4. She was good friends with Marilyn Monroe. 
You're excused if you thought the opposite because Hollywood gossip portrayed the two blond stars as bitter rivals. Grable, 10 years older, was nearing the end of her career as Monroe's star began to rise, and she was supposed to have been jealous of the young and beautiful woman who was being touted as "the next Betty Grable." But when they starred together in 1953's "How To Marry a Millionaire," they didn't clash – in fact, they formed a close friendship. Monroe greatly admired Grable, looking to her as an inspiration for her career. And for her part, Grable found in Monroe a source of friendly support.

5. She was the namesake of an atomic bomb
On May 25, 1953, at the height of the era of nuclear testing in the Nevada desert, the U.S. detonated a weapon as part of the Upshot-Knothole series of tests. The weapon was named "Grable" – one of many tested nuclear weapons named after people, this one was dubbed in direct homage to the big-screen star. Talk about a bombshell...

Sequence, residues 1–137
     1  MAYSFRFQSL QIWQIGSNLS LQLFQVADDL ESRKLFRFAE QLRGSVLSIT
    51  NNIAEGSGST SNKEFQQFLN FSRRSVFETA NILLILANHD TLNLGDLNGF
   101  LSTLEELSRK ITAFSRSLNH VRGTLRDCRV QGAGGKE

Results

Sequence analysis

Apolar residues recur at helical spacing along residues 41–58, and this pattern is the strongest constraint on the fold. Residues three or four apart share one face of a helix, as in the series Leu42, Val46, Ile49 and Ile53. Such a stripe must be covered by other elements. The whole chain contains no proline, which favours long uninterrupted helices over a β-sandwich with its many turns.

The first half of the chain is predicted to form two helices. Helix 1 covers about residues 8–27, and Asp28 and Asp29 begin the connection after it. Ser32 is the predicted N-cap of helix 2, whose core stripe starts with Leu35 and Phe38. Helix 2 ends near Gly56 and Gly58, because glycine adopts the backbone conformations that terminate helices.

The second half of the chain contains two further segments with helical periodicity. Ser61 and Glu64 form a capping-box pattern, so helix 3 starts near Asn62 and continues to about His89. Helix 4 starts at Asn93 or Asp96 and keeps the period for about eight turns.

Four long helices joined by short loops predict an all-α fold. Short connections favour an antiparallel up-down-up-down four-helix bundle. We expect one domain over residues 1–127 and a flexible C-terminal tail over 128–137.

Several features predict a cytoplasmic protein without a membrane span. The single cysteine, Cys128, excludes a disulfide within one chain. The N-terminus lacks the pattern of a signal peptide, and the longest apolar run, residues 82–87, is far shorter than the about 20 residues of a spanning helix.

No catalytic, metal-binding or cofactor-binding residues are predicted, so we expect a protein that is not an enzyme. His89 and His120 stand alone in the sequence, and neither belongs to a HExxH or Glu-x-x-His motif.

Tuesday, January 15, 2019


Carol Channing's trademark platinum blond hair framed a face that always seemed to be smiling, her wide-eyed innocent style belied a very savvy mind, and her voice was unmistakable. She died Tuesday morning, her publicist told Broadway World. She was 97 years old.

Born in Seattle, Wa., in 1923, Channing's parents were Christian Scientists. She recalls that she got her first glimpse of backstage delivering copies of The Christian Science Monitor to theaters.

"Some nights they're hyper, some nights they're slow, some nights they're sleepy, we have to nurse them; we have to find the way in to communicate with them. ... It's an electric thing for the performer; it's like plugging me in the wall."